JPMorgan Crushes The BTFDers: "Sell Any Rallies"

Tyler Durden's picture

It didn't take long for the momentum-chasing fundamental strategists to readjust their immediate stock price targets on the heels of the i) failure of the Santa Rally and ii) the worst start to the year in Chinese stock market history.  Case in point, moments ago JPM's equity strategy team released its first note for the year in which it says that "we take the view that equities are unlikely to perform well on a 12-24 month horizon" adding that "the regime of buying the dips might be over and selling any rallies might be the new one."

According to JPM, the following are the headwinds faced by stocks:

1) Equities are not attractively priced any more. On most metrics, P/S, P/E and P/B, they are trading at a premium to their historical averages. Sales per share are at highs, as well. True, relative to fixed income, stocks still look interesting, but credit spreads are widening, and the key central bank has started to hike. Asset reflation regime might start to reverse.


2) Balance sheets are deteriorating, with increased debt issuance used to finance record levels of buybacks. US corporate financing gap has turned negative. This is typically not a good starting point.


3) US profit margins are showing increasing evidence of peaking. Profitability improvement was one of the key drivers of the 7-year long equity rally. This might be finished, as the profit margin proxy – the difference between corporate pricing and the wage growth – has turned outright negative for the first time since 2008. Buybacks have flattered earnings for a while now, but we would be surprised if these stay a potent support. Buybacks as a share of EBIT are already at ‘07 highs, and credit spreads are widening.


4) Fed tightening is happening very late in the cycle. Typically, the first hike takes place within 12 months of the end of last recession. This time around, we are close to 7 years. Could the Fed appear to be behind the curve, especially if inflation and wage growth picks up? More fundamentally, asset reflation worked during ZIRP to help equities. This could start to unwind.


5) Medium-term Chinese and EM backdrop remains challenging. CNY is back to highs vs EM FX. This could lead to another round of devaluations, possibly in Q1. This would be especially the case if the Fed were to be seen to be falling behind the curve. EM do not typically perform well against a backdrop of a strengthening USD. In addition, EM credit overhang is significant, and NPL upcycle could be just starting.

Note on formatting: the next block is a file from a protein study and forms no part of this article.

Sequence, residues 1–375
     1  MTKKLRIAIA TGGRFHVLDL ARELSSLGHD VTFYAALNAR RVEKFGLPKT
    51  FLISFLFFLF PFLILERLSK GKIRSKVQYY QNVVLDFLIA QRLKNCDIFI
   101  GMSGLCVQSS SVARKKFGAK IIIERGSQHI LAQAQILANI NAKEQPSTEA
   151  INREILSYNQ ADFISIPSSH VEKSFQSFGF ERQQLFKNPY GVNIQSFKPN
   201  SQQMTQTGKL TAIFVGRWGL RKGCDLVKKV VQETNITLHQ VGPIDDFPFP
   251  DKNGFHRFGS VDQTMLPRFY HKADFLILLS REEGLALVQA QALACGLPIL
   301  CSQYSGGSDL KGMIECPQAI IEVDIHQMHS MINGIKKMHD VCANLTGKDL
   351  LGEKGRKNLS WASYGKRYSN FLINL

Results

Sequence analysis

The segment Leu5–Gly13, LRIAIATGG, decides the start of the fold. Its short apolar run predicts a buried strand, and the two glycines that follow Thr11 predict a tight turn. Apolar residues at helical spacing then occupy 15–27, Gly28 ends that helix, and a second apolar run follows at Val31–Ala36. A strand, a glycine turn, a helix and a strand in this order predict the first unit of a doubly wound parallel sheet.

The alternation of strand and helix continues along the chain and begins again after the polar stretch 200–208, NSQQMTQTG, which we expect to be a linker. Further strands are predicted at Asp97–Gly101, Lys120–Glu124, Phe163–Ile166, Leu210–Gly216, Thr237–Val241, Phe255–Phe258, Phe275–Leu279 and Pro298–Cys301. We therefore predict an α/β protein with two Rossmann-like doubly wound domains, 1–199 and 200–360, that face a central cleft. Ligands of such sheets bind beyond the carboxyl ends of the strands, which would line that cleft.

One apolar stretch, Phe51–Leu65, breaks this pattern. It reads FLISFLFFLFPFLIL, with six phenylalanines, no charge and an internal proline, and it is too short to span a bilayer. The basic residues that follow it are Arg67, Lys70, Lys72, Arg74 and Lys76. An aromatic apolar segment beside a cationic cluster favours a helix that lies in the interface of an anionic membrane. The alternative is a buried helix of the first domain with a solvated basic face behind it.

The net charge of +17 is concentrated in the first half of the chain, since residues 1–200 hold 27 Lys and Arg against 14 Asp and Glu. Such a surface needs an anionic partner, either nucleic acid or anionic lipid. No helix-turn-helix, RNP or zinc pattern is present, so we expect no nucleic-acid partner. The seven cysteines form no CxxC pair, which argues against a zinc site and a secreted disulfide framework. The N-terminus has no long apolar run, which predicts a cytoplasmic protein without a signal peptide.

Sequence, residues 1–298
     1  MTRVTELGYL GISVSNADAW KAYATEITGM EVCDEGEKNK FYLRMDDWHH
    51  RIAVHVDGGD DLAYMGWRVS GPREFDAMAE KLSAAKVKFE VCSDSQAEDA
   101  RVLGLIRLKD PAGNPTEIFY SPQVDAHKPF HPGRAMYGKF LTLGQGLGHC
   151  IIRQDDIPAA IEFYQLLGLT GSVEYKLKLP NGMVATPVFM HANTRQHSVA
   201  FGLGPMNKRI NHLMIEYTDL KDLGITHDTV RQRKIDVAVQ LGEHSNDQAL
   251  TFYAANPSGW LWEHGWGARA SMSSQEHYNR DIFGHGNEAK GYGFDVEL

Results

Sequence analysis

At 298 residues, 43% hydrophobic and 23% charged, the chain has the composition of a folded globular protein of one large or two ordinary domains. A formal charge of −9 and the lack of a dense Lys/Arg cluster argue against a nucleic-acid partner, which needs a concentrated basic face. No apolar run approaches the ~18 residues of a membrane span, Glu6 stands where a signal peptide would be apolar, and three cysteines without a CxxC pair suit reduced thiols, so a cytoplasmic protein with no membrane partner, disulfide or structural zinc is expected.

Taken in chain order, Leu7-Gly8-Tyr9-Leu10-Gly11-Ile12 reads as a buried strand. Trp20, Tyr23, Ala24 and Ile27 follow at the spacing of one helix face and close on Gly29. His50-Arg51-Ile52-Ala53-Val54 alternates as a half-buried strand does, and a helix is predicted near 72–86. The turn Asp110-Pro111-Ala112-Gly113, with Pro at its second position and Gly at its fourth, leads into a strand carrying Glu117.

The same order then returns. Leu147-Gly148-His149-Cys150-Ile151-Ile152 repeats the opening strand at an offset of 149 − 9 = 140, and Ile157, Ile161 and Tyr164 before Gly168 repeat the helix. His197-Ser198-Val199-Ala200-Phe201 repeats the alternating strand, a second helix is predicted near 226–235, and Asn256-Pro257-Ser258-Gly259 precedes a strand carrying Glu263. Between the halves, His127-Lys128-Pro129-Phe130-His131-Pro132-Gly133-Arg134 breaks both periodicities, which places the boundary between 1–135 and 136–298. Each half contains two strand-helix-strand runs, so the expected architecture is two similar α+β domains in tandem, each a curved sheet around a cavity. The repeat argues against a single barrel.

Importantly, the sector allocation in the event of a down market might not be typical, given that, during the up markets, the leadership was also not orthodox. The bull market was characterised by the leadership of Growth, Defensives and yield. The bear market could see some of the high P/E winners rolling over, not just the weakness in the traditional cycle sensitive names.

In putting the above concerns together, JPM says that "selling any rallies" may be the new "BTFD", adding that "envisages 3 distinct scenarios for stocks, 2 of which are negative."

1) US growth is robust, starting the year strongly, especially as the El Nino effect flatters the seasonal data delivery. Wage growth continues picking up and inflation turns decisively higher as oil price base effects drop out. Fed could start to look as if it is behind the curve, in particular if the projected productivity improvement in the US doesn’t materialise. Markets start to worry about a ’94 type of scenario. The P/E multiples derate, especially in the Growth sectors, those that enjoyed sharp multiple expansion during the past 6 years. EM suffers on the back of a strong USD and potential further CNY devaluation, with rising credit concerns. Equities overall perform poorly.


2) Global growth remains mixed, with no clear rebound in China. NPL upcycle in EM starts in earnest. US profit margins are peaking, with corporate sector consequently turning more cautious. End-cycle dynamics take hold. China undertakes further currency devaluations in an attempt to stabilize its growth, hurting sentiment. In this scenario, global equities are likely to perform poorly, as well.


3) This scenario could be branded a Goldilocks one, not too hot and not too cold. US growth remains robust, Fed is hiking, but can maintain a gradual pace of hikes as productivity growth rebounds. Market leadership broadens to encompass Value sectors, which start outperforming. The Chinese are successful in stabilizing their economy and in averting credit dislocation. Eurozone recovery continues, and more importantly, it is not overshadowed by increasing global uncertainty, as it was last summer. In this scenario, equities perform well, making new cycle highs.